“Politics is tricky; it cuts both ways. Every time you make a choice, it has unintended consequences.” – Stone Gossard
Talking politics is always a touchy subject, but as we look at the current primary season from an organizational view, leaving the politics of it aside, we have some very interesting issues going on in our body politic right now. And from an organizational development standpoint, these issues provide some lessons that we should consider.
Let’s start with the GOP, as that contest is taking most of the oxygen out of the room. By now, unless you are completely disconnected, you know that Donald Trump is the current leading contender for the Republican nomination.
The takeaway from the 2012 Republican primary was that the length of the primary was too long and did not allow the party to coalesce around the eventual nominee, Mitt Romney. From a financial standpoint, it hampered the party’s ability to spend general election funds, as you can’t do so until the nominee is officially declared. In Romney’s case, that was late August 2012, only three months before the election.
The changes that the Republican National Committee (RNC) made to the rules for the 2016 primaries, while shortening the process, made it very hard for the party to influence the choice of candidate. They did move the convention from August to June, effectively ending the primary campaign early (RNC rules require state party organizations to submit their delegate lists at least 45 days ahead of the convention). But they also made all contests prior to March 15 proportional, which awards delegates by percentage of the vote won. This has the effect of allowing candidates on the fringe to remain competitive in the early voting states. They further vastly restricted the number of ‘superdelegates’; these are the top three officials of each state organization and thus only represent approx. 7% of the nominating vote. Furthermore, they are not really ‘super’ in that they must vote for the candidate who won the most votes in their state.
Put this all together, and the GOP set up a system that, by and large, is very responsive to the will of their members (at least during the first voting round of the convention – but that would be a whole other article). The problem, depending on your point of view, is that there is a significant misalignment between the financial supporters of the GOP and the rank-and-file supporters of the GOP. Hence, you have the establishment candidate, Jeb Bush, being swept from the race in a startlingly short period of time, despite the enormous financial advantage and declared support that he had.
At the end of the day, the base of the party has shown itself to be more aligned with the ideas that a candidate like Donald Trump espouses than those of the republican establishment candidate.
What’s interesting here is that there is a similar misalignment on the Democratic side. Bernie Sanders has gotten a significant amount of traction as the insurgent candidate. The democratic base, particularly those under 30, have shown themselves to be populist as well, and not at all supportive of the democratic establishment candidate, Hillary Clinton.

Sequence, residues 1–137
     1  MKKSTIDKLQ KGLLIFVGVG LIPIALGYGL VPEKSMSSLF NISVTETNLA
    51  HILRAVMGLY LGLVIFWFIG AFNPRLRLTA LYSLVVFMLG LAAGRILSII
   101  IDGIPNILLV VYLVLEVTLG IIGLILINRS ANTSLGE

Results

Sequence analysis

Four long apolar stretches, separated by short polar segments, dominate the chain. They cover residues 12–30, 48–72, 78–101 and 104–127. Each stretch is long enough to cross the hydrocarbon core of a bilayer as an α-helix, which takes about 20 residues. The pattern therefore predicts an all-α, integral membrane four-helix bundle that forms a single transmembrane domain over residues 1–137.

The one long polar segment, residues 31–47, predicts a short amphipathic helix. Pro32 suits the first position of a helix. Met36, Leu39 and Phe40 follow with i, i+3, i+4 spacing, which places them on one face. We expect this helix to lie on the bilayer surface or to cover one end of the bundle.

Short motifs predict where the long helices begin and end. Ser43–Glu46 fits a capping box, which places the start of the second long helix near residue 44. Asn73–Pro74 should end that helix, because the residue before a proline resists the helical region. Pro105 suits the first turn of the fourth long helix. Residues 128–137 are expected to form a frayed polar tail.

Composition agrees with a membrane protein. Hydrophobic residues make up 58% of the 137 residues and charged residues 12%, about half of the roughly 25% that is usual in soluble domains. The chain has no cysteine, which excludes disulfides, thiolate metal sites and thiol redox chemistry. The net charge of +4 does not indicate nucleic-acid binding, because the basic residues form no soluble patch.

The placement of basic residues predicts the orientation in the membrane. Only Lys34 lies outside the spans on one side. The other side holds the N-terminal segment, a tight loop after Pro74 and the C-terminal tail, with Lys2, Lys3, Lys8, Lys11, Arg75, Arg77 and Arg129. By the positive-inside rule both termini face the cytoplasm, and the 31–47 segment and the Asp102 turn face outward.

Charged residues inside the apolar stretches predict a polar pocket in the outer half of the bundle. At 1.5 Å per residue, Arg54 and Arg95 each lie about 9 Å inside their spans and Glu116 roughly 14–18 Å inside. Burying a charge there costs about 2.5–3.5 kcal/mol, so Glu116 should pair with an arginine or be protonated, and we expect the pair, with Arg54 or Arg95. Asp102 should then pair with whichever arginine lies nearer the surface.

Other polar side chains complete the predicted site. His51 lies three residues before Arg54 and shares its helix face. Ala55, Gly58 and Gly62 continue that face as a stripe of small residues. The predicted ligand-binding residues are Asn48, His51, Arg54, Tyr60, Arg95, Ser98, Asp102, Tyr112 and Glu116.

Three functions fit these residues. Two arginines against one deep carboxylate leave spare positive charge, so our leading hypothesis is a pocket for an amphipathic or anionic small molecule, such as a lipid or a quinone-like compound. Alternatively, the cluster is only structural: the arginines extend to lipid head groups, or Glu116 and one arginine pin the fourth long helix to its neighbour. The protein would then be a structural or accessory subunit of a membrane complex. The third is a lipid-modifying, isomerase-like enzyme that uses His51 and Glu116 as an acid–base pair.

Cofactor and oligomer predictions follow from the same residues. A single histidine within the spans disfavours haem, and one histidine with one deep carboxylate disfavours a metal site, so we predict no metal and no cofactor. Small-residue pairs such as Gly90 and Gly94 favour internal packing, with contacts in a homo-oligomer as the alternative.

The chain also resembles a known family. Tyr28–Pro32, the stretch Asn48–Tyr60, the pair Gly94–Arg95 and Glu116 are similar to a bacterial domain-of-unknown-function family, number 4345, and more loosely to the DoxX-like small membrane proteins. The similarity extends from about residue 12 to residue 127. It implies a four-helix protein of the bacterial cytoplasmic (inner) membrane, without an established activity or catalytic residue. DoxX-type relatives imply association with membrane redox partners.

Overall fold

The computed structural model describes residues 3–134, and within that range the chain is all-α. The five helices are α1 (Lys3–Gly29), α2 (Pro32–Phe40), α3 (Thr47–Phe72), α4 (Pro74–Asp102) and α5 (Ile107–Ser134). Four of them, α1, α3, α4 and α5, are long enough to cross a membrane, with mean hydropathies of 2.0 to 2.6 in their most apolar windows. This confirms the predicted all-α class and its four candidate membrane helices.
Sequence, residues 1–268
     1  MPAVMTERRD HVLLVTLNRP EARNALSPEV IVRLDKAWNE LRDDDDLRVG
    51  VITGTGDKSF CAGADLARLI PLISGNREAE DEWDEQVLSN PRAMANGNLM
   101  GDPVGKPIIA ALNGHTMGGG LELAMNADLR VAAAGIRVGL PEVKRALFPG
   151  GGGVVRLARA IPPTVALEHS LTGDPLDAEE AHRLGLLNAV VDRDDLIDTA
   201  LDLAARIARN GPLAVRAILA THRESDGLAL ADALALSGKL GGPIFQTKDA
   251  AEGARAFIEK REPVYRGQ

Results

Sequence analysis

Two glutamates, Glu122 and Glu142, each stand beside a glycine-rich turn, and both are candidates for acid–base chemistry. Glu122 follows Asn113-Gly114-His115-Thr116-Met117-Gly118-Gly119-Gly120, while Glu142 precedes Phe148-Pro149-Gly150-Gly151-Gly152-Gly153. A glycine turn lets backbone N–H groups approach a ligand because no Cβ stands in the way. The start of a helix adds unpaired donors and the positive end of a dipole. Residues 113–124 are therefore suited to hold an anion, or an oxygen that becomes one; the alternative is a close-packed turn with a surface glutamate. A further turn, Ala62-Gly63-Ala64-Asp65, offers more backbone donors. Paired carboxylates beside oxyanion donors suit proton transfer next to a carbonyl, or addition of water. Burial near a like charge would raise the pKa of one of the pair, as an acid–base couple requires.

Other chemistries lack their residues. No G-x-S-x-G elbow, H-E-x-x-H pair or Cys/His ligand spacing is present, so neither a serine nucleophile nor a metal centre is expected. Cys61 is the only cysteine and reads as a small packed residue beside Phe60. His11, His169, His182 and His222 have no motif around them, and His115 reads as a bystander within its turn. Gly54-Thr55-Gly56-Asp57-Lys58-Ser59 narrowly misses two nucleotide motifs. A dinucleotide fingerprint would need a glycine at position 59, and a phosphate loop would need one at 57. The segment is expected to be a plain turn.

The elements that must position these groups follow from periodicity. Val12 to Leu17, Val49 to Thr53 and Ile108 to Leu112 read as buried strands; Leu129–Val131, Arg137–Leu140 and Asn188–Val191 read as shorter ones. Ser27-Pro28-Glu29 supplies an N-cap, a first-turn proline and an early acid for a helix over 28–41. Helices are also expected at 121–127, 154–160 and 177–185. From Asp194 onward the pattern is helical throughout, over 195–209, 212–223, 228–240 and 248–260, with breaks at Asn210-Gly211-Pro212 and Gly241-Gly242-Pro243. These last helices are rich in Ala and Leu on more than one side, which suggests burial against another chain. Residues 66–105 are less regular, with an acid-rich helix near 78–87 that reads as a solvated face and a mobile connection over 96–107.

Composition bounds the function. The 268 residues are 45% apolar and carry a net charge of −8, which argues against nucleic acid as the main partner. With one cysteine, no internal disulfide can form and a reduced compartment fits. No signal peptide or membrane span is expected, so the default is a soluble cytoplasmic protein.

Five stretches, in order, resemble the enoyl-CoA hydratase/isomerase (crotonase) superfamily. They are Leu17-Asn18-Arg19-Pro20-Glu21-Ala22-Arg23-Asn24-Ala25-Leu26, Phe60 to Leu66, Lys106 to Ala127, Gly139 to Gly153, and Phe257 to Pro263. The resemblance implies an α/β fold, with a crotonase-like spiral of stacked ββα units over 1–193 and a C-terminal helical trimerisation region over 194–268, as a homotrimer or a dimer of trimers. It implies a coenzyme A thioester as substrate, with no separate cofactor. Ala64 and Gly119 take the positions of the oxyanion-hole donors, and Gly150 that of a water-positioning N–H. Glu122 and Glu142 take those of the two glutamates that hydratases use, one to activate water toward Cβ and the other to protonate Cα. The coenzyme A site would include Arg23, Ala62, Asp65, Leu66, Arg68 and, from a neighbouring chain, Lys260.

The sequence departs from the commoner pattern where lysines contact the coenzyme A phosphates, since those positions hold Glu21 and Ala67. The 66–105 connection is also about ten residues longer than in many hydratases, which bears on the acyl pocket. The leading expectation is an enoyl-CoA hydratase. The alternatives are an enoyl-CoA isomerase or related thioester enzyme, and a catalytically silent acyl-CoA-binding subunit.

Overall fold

The difference, though, is that the Democratic National Committee (DNC) established the number of super delegates at 714, which represents approx. 30% of the 2,383 delegates needed to win the nomination. Furthermore, these delegates are free to support whichever candidate they choose. As of April 7th, a vast majority (469), are pledged to Hillary Clinton, vs. 31 to Bernie Sanders.
So what is the takeaway from looking at the primary processes of each of the parties?
Both parties are dealing with significant misalignment between their leadership and their rank-and-file members. However, while the DNC has the ability to steer the nomination of their candidate (up to a point), the RNC has no similar mechanism and thus far less ability to influence the ultimate choice.
This being America, we can have someone on one side saying that this is fantastic and another saying it’s Armageddon. One could arguably say that the GOP has instituted a purer form of democracy in their nominating process. But, judging from the reaction of the party elite thus far, this was definitely not the result they were expecting.
The GOP had a specific goal in mind: shorten the primary season and choose a nominee quickly so that they could then focus on the general election. The recent surge of support for Ted Cruz notwithstanding, the Republican party, like the Democratic party, misread a significant portion of their base. Due to this misalignment, I believe that the GOP would have ended up with Donald Trump as a significant threat, regardless of how they structured their primary. However, the changes they made in order to solve a perceived problem ended up making it even harder to influence the eventual nominee.
The Democrats face the same issues to a certain degree, but there was a much smaller group of candidates, less ideological warfare (no talk of hand size), and they kept a mechanism in place to ensure an influential voice for the establishment regarding their eventual nominee.
The point that I wanted to show here is this: when the culture of an organization is not properly understood, or ignored, even the best-laid plans may result in completely different outcomes than anticipated. Organizations must consider all the factors in their decision-making process and truly plan for scenarios that by all other measures seem unlikely.
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